6 Tips For Balancing Work and Caring For an Older Adult

Posted on:   |   Blog

It’s not easy to provide for our elderly parents. Acting as a caregiver can lead to additional stress and can place a burden on your relationships and career. According to AARP, about 25.5 million Americans are trying to find a work-life balance while caring for their elderly parents. 

COVID-19 transformed our lives and our world in 2020.   It’s impacted how we go to school, work, and extracurricular activities.    COVID has also had an effect on family structures with a rising number of families managing multi-generational households. In addition, it has left our aging parents more dependent on us, as tougher home-stay orders are placed on the most vulnerable.  While it’s not easy to find the balance, today we’re going to share some tips on how to find a routine that works for you.

Keep a Schedule 

Stick to the schedule or routine. Try to separate your job from your responsibilities as a caregiver. Take care-related calls and arrange medical visits during your personal time rather than during business hours. Wait until you get home from work to do more time-consuming tasks that involve your loved one.  Remember to have all the required, non-health-related activities in your schedule.  For example, designate Saturday morning as your day for grocery shopping instead of going anytime you have the time. Take advantage of the numerous scheduling applications that let you share your appointments with other people’s schedules so that they can help you out when you need them.

Speak to Your Employer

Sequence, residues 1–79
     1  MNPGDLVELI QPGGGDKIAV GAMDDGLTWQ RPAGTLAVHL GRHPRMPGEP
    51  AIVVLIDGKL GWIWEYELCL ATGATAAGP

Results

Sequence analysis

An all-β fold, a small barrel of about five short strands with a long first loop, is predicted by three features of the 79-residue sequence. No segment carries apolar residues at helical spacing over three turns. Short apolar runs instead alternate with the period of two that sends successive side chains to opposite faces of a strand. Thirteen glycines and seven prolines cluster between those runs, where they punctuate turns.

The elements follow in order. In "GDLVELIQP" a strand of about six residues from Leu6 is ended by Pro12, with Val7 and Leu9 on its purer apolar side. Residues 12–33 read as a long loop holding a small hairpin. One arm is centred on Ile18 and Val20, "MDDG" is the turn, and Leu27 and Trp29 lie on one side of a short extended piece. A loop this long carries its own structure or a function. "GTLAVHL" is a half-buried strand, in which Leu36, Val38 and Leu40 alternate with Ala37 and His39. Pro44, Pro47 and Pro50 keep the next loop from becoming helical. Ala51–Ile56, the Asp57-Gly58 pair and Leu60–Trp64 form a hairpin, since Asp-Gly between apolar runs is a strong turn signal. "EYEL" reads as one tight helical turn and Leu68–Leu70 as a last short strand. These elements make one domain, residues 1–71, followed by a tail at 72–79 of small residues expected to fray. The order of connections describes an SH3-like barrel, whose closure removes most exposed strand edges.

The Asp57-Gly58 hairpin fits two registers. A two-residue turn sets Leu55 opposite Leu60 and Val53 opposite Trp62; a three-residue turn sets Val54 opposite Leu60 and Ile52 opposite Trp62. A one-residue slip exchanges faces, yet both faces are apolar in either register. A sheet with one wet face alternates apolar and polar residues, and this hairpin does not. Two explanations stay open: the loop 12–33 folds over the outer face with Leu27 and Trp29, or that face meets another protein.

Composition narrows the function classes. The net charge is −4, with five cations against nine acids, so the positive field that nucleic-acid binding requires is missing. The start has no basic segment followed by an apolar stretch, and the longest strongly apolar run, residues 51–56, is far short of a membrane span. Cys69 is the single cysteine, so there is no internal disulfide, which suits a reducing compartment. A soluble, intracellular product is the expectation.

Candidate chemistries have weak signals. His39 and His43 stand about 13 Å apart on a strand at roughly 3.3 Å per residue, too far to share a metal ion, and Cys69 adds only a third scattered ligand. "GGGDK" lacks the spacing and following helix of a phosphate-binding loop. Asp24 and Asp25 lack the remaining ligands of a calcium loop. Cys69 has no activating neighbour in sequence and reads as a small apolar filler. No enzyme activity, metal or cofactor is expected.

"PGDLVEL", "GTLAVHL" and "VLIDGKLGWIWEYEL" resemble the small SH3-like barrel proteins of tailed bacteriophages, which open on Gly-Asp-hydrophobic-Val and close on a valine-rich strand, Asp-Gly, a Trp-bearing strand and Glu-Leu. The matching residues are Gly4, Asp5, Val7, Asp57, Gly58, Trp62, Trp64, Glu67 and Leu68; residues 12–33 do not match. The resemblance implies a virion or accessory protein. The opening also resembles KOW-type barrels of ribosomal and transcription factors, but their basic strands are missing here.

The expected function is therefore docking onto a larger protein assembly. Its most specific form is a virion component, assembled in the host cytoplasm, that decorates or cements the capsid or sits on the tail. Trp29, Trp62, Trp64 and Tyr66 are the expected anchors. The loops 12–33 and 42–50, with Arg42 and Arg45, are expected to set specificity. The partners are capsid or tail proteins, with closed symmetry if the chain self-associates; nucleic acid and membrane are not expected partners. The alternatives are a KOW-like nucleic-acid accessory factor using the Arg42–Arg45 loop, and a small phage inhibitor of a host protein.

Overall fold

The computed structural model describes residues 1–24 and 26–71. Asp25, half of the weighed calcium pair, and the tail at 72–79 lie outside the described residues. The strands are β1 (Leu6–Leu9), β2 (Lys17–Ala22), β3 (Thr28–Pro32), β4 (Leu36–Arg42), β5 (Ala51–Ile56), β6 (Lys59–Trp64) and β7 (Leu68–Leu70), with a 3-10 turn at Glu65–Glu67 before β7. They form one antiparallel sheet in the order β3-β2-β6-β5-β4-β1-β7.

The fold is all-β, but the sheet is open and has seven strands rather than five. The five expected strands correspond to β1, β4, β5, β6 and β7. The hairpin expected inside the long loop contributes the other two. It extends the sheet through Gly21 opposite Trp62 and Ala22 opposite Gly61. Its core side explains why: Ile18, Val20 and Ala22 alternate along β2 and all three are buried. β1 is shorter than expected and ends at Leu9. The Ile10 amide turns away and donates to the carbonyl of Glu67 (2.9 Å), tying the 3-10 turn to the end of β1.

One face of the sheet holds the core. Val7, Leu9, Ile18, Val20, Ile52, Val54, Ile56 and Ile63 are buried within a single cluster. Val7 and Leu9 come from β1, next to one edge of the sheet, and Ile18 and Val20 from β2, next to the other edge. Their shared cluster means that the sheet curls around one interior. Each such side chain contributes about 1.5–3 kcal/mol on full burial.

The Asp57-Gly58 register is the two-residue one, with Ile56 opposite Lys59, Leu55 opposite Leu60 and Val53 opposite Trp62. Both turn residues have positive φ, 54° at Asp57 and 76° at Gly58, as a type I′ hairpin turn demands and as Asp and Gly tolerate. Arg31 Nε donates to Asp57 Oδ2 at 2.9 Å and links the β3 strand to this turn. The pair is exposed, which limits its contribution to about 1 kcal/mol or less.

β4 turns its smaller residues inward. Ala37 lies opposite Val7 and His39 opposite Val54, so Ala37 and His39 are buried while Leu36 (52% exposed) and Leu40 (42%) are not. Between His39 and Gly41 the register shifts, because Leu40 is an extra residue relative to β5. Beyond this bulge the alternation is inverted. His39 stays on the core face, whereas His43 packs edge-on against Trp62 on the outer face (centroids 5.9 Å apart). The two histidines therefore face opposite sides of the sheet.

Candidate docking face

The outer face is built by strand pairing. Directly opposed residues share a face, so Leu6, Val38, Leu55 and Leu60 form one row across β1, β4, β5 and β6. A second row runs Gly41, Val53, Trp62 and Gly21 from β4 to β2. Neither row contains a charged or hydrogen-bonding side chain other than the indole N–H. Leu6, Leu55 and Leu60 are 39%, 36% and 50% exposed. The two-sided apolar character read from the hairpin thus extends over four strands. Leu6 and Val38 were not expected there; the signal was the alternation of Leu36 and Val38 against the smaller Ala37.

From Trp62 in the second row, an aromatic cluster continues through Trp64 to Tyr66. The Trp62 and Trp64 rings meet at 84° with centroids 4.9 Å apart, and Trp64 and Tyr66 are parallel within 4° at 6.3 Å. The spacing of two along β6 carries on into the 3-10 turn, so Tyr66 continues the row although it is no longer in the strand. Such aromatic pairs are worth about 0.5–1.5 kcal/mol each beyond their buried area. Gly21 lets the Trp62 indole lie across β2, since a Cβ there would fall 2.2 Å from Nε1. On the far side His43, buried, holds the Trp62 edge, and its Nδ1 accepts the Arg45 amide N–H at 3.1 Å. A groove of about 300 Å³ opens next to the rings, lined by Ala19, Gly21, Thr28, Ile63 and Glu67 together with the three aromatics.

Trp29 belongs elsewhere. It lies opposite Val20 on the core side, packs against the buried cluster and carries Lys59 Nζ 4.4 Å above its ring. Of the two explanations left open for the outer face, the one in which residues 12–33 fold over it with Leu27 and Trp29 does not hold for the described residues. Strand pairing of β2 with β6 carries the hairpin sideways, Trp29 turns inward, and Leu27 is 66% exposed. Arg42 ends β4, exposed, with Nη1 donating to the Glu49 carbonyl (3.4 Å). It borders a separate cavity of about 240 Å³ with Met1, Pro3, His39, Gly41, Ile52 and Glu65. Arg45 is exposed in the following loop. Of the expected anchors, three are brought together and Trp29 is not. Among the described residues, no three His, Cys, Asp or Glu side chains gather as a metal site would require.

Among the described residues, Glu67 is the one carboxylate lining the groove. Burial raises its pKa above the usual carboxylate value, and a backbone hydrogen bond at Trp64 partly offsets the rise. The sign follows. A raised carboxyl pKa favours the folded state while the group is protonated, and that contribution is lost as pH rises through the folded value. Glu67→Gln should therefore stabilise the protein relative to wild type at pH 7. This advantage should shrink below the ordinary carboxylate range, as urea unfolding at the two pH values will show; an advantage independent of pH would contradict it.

Although we all want to demonstrate our commitment to our jobs, sometimes the pressures of our work will affect our ability to check in with our elderly parents. If you’re in this position, speak to your employer and try to come up with a manageable solution. Will you change your working hours? Would you want to work from home? Before beginning the conversation, have your responsibilities and contributions outlined out in order to guide the discussion towards actual solutions.

It is also worth talking to the HR manager to clarify what assistance options are open to you, either through your employer benefits or through your insurance plan. You may have personal days for family emergencies or other resources under the Employee Assistance Program (EAP). Note that there are also government-sanctioned services such as the Family Medical Leave Act (FMLA) intended to help workers resolve family problems without risk of losing their jobs.

Follow Saftey Measures

Make everyone in your household follow the prescribed CDC protocols for personal hygiene and other guidance, particularly if the person in your care lives with you. If your elderly parent is sick with the flu or COVID-19, it may be serious. You can’t go to work or be a successful caregiver if you get sick.

Have a Back-Up Plan 

Arrange for a co-worker to step in if you need to leave work unexpectedly to take care of your aging parent or loved one. Plan ahead at home, too. As a family caregiver, it’s important to have an alternative treatment plan and prepare others for what they need to do whether you are exposed or become sick with COVID-19.

Make Time For Yourself 

There are many ways to preserve the work-life balance, but maybe the most important thing is to try to take care of yourself as well. Don’t ignore your own health; as much as you want to be there for your loved one, symptoms of fatigue, colds, or other possible diseases will limit your ability to take better care of your loved one. Exercise is a normal relief of stress. Basic tips for leading a healthier life, including adequate sleep and a healthy diet, should not be forgotten. To minimize the chance of burnout, take daily breaks at work and at home, whether you’re getting lunch outdoors or going for an evening stroll.

Find a Homecare Provider 

Caring for an aging parent is not easy, and it can put a strain on your personal life and career. Preparing and organizing, understanding what resources you have at your disposal, and finding balance is all-important.

If you don’t have family support to help, the experts at Thrive USA Homecare can help.  Contact us today to learn more about our respite care services. 

Spread the love